Green plans for new Edinurgh developments - your views online

Consultations have been launched on proposals to improve walking, wheeling and cycling conditions, as well as public transport links, parks and public spaces in areas of new residential development across the city.

Renée La Racineuse: If these “consultations” are anything like the previous council’s, they may as well be launched into space.

Graeme Robertson: Do what you like with these new-build areas but get the rest of Edinburgh back to what it was before Lesley Macinnes destroyed it.

Colin Gilbert: That's a very selective view. There's a popular myth that congestion was invented circa 2015. Perhaps get Edinburgh back to before every available space was chock full of motor vehicles?

An artist's impression of proposed changes to Bernard Street in Leith.

Dougie Turner: Or even go back to before David Begg (remember him?) started messing with the traffic flow in the first place.

Stuart Young: Would be a good idea to remove all the planters from the middle of junctions and have considerably fewer closed streets so all the traffic can get in out of the city quicker.

Tom MacDonald: Walking, wheeling and cycling is already alive and kicking. Laws and safety should be the focus. If parents are going to pop babies in trailers and ride amongst buses, cyclists are going to ride aimlessly and without consideration to law and safety, e-scooter products are not going to be regulated and wheeled contraptions are going to be allowed to pop up without legislation then the problem is only going get worse and no infrastructure change is going to make any difference. We all know the benefits of two-wheeled activity, but it needs training, common sense and safety. This carefree attitude and expectations that the council will build lanes and other road users will look out for them in their magnificent cycling machines is all wrong.

Avril Rodger: I can’t understand how for a child to ride in a car they have to have a specific car seat for their size with all the safety measures, what way they can face, front or back seat etc – but a child can be popped in a nylon trailer and with absolute zero protection be cycled through city centre traffic. It’s absolutely insane – and then theres the exhaust fumes belching out right next to them.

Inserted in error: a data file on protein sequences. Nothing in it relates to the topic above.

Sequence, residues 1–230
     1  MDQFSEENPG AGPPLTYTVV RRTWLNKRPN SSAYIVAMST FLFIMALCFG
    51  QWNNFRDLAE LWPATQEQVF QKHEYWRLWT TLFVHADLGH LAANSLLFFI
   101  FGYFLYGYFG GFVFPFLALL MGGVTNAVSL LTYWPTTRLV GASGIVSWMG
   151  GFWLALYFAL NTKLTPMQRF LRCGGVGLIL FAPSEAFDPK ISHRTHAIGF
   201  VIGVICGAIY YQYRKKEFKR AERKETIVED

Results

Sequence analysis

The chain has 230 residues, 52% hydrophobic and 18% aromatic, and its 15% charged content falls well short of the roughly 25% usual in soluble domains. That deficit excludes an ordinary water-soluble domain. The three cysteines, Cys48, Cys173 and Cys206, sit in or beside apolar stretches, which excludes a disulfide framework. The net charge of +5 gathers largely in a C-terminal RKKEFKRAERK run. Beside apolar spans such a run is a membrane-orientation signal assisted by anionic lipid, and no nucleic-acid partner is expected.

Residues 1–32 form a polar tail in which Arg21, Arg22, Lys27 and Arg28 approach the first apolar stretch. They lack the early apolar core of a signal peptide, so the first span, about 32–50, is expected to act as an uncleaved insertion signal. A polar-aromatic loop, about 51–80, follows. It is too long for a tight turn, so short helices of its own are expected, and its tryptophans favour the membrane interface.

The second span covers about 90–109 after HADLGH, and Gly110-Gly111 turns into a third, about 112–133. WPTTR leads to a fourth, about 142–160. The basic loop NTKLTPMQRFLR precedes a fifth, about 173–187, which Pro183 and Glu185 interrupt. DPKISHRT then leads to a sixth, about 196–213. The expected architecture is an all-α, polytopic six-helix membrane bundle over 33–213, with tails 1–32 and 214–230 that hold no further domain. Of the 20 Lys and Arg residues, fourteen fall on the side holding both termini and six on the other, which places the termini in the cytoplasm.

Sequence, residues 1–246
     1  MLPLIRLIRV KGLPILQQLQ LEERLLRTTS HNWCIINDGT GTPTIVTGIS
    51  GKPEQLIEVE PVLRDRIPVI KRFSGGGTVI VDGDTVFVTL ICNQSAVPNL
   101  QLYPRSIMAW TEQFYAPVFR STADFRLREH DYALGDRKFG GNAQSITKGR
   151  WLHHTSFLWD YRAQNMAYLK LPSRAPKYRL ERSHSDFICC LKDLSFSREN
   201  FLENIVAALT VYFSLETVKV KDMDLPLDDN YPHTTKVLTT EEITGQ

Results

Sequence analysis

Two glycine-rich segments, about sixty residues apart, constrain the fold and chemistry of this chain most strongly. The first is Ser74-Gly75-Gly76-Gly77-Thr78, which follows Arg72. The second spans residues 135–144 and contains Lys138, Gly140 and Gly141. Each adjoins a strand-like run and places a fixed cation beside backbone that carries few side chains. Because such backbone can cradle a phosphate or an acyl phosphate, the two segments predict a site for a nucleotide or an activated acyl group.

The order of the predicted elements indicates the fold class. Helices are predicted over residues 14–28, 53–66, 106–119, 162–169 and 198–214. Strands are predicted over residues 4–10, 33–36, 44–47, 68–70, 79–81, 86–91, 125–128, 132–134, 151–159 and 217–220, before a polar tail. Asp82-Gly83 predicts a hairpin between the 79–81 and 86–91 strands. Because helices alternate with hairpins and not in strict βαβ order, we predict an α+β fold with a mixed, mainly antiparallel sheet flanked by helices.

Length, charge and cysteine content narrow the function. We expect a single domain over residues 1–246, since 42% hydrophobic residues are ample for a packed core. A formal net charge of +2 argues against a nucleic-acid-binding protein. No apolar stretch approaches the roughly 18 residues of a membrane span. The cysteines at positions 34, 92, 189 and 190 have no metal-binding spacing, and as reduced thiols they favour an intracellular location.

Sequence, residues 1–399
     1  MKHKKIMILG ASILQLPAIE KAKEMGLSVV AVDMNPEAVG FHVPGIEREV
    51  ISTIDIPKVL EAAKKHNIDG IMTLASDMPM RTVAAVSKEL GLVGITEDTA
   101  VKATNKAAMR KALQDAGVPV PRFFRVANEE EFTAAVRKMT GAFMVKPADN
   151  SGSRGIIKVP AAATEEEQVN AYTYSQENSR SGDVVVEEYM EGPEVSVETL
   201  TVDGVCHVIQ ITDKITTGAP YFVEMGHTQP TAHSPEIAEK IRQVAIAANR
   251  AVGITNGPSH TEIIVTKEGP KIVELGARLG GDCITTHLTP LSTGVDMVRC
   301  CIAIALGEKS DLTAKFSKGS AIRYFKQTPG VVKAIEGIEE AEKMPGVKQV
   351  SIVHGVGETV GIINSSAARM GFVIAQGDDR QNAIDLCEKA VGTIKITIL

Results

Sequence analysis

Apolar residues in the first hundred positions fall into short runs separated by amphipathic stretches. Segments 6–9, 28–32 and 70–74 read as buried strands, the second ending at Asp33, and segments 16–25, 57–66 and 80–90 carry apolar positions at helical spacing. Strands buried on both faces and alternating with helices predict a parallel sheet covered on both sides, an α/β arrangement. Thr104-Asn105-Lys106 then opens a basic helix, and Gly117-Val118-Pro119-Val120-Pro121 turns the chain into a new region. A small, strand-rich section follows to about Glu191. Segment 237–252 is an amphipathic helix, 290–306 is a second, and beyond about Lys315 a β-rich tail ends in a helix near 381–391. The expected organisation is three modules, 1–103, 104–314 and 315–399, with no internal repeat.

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Andrew Cross: All very nice, but will the money for maintenance and upkeep of these expensive newly redesigned and repurposed spaces/areas be ring-fenced and guaranteed? Or, like so many times previously, will they be allowed to gradually deteriorate as “funds become needed for more necessary usage” and diverted to other things in what in reality is the pork barrel politics of the council?

Krzysztof Sasyn: You don't need consultations. Just keep going with the fuel prices

Gavin Jarvie: Make the streets wider, have separate space to allow for future and separated bus lanes, tram lanes and bike lanes and areas for planting trees etc with seating. Keep a small separate area for running utility services along (fibre etc). If you do that then your new estates have the capacity to cope with future population growth and to thrive in a digital world.

Lawrie Smith: Improve the roads first.

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Rail dispute

Hundreds of daily ScotRail services could remain cancelled for more than a month despite negotiators for train drivers’ union Aslef recommending acceptance of an improved five per cent pay offer in a major breakthrough.

Dave Shields: They have a brass neck to strike, Every sector is feeling the pinch, mine included. It could turn into the 70s all over again.

Terry Higgins: Drivers in Scotland are working their contracted hours. They are not on strik. They don’t have to work overtime and are spending their time off with family and loved ones. It’s not their fault that the company has not employed and trained enough drivers to cover the service.

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Craig Ferguson: A service like that should not have to rely on overtime to the extent they have to provide the normal timetable. They are 130 drivers short in Scotland and for too long have been reliant on overtime to fill the gaps.

Jim Hume: During the Covid period staff were retiring and leaving. No new staff could be hired because during the pandemic there were no training facilities, hence the shortage of staff. It’s time you all stopped whingeing and be grateful that ScotRail is running with the only staff it has available. It takes time to train new drivers.

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